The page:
God I digress, point is, letting things slide or handling discipline badly doesn't do anyone any good. Not the kids and not the parents.

Find a calm moment and try and discuss it with your dp. Is it because he feels guilty about not being with his kids 100% of the time and doesn't want to ruin their time together by disciplining them? Something else?

I can tell you now, my son is happier at home with me and way better behaved. Kids who misbehave so much are generally acting up... ask yourself (or ask your dp) why they are acting up?

I do hope you can talk to dp and come to a positive resolution.

lizzieoak Sat 01-Oct-16 21:02:11

Is it possible for the women of the family (you, exw & mil) to sit the older ones down and lay down the collective ground rules? It sounds like the older kids may be dividing to conquer, so while you may not be able to change the way your dh parents, the kids could at least see that the majority of the adults are united.

IceIceIce Sat 01-Oct-16 21:03:22

Not a chance would she be getting that laptop. Can you transfer money somewhere he can't get it? We have separate bank accounts and if OH did this it would be straight in mine and I'd change my PIN. He absolutely cannot skint you just because his daughter is a spoilt brat.

Myusernameismyusername Sat 01-Oct-16 21:11:56

You need to tackle why she is acting up before you have any real hope of solving things. I tend to find my girls hold onto their emotions and it comes out as anger and selfish behaviour when that's not really their personality. If he's over compensating for them being children of divorce/new family then he's not doing them any favours either. He's confusing this with guilt and kindness and ignoring the real problem and I wonder if you and the women could try get to the bottom of DSD's real feelings and whether that would help DP understand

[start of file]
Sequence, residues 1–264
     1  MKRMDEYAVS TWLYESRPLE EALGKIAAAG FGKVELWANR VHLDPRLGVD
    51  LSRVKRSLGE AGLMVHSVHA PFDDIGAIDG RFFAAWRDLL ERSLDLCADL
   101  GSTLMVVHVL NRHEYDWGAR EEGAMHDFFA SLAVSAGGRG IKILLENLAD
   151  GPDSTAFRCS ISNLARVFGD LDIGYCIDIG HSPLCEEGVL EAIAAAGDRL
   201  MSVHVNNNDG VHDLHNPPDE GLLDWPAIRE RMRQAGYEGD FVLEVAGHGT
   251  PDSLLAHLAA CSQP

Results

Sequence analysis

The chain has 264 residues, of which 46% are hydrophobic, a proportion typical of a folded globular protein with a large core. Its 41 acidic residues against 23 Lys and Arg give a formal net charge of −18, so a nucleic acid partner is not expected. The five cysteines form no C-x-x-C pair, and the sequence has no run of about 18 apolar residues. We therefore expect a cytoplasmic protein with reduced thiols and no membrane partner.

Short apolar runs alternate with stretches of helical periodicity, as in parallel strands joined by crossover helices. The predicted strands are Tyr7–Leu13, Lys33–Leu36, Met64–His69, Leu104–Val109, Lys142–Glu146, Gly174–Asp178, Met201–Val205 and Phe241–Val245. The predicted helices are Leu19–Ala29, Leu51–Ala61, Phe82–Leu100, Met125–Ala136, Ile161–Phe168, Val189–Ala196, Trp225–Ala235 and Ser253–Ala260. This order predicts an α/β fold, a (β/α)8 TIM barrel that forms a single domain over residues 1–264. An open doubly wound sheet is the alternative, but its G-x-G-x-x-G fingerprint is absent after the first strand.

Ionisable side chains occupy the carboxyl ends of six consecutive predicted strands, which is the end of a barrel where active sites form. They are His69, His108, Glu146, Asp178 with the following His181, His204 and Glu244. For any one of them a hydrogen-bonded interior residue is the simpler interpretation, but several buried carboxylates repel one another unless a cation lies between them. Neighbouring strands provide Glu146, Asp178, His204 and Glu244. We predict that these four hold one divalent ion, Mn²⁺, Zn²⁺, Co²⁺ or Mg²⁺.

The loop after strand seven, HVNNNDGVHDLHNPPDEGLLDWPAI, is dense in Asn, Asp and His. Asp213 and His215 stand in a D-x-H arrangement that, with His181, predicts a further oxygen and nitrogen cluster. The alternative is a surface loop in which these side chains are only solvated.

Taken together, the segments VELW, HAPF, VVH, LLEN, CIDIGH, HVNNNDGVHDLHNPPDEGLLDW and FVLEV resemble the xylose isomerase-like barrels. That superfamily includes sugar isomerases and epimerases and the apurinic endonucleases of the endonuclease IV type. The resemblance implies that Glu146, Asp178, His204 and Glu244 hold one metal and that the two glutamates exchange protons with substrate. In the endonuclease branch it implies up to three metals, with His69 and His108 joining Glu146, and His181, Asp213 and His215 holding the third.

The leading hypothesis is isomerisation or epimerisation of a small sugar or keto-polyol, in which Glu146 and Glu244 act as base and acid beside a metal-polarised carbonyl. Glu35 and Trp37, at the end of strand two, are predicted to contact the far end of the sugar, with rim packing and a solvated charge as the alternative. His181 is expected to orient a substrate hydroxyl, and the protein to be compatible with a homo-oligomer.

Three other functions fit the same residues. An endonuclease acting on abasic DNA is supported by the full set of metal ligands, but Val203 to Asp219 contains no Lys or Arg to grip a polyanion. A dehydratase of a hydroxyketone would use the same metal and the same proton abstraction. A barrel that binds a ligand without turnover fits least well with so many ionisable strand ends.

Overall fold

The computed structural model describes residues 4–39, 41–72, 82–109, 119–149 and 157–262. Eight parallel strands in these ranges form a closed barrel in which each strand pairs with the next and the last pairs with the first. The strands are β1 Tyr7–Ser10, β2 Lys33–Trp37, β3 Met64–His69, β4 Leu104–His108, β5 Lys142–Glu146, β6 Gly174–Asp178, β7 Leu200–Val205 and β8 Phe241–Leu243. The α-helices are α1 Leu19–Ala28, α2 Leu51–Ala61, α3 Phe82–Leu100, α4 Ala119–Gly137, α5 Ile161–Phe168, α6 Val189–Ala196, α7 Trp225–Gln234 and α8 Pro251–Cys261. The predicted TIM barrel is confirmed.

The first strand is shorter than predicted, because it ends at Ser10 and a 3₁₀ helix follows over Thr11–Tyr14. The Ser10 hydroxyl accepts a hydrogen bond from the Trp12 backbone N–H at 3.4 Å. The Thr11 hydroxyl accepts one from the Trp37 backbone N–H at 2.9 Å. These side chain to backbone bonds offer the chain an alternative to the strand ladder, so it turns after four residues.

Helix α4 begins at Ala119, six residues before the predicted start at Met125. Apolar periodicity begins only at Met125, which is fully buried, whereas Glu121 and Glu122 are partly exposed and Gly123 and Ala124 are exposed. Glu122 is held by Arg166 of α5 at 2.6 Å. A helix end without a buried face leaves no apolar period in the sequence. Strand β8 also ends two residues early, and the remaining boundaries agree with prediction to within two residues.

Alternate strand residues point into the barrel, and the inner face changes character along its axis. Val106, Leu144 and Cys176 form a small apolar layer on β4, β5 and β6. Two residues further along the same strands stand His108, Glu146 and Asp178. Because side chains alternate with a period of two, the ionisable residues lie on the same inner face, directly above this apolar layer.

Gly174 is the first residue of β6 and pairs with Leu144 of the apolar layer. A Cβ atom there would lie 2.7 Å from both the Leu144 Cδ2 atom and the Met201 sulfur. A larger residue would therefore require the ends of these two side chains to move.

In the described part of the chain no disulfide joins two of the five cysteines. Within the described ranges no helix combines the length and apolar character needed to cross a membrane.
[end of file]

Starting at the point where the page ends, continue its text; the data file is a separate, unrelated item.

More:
WankingMonkey Sat 01-Oct-16 21:16:33

Wow thanks for all the replies so soon.

Is it because he feels guilty about not being with his kids 100% of the time and doesn't want to ruin their time together by disciplining them? Something else? See I thought it may be this, but surely if it was this then it wouldn't be a recent thing? It would have been him letting them off with everything ever since splitting with ex

I can transfer the money out now, but it will just maker a huge row tomorrow and I am honestly so tired and worn down by all of this I just can't be arsed anymore. But at the same time I can't have that much money spent on something thats clearly not needed. I created a mega tantrum when I mentioned speaking to the school about why they would say she needed her own laptop (as obviously I knew it was lies and hoped that would bring it out of her)